Perhaps it’s time for a change in the hunting culture.
Why doesn’t society recognize the good that hunters do? Could it be partly our own fault? What do we, as hunters, primarily focus on? Are our priorities in line with hunting ethics? Hunters care, deeply, about wildlife.
Anti-hunters find it difficult to believe that hunters care about wildlife. Perhaps we shouldn’t care about what anti-hunters think. They are, after all, a mixed bag of extremists given to emotional and vulgar outbursts that have little connection to logical or rational thought. It is highly unlikely that any reasoned argument will ever change their tunnel-vision minds.
But what about the non-hunter? The person who simply doesn’t hunt but has no clearly defined position on the activity. These folks’ opinions do matter, because they can and do affect public policy related to hunting.
Non-hunters are often on the fence, so to speak, when it comes to hunting. Their opinions can be swayed and solidified in either direction, depending on what information they receive.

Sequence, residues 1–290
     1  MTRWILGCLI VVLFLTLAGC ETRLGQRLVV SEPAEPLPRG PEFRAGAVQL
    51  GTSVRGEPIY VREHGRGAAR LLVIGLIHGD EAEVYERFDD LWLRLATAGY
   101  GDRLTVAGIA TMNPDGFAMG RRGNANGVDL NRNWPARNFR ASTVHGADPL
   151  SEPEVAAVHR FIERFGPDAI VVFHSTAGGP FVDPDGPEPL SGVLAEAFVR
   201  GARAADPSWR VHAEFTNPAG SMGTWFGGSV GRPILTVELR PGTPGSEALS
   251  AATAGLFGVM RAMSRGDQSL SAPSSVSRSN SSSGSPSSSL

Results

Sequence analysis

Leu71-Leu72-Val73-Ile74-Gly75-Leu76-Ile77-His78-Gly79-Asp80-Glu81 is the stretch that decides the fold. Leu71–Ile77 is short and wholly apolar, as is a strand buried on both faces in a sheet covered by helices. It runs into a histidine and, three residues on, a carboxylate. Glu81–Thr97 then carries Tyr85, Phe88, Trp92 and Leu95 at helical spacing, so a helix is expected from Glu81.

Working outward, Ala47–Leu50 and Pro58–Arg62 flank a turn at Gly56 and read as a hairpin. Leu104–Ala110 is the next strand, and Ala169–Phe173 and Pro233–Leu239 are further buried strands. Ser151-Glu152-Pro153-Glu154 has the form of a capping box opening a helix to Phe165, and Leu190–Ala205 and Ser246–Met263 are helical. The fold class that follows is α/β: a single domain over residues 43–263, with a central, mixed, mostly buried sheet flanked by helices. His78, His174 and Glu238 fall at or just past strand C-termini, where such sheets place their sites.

It might be wise to make sure that we are giving these folks – as well as those in our own ranks – the best possible picture of hunting that we can.
When the focus is seemingly overwhelmingly on the hunter, and on antler or rug size, it’s easy to see why some people believe that hunters don’t truly care about the wildlife they pursue. It seems to be all about them, the hunters.
But if we changed the focus in more of our facebook posts, more of our television shows, more of our advertisements, more of our media presence… If we changed that focus to one that is more wildlife-centric, more about respect for the animal, that could do a lot to cement the opinion in non-hunters that hunters really are concerned about the animals we hunt and occasionally kill.
It would also, I believe, help alter some of the attitudes of many hunters. And that would be a very good thing.
“We care for animals in a fundamental way. Yes we may take the life. And thereby take possession of one wild creature during our hunt. But that does not mean that we do not admire them in life, and wish to see their future secured. Even if that future does not include hunting. Let’s diminish the focus on our achievements and on us. Let’s start honoring what truly matters.”
Like what you see here? You can read more great articles by David Smith at his facebook page, Stumpjack Outdoors.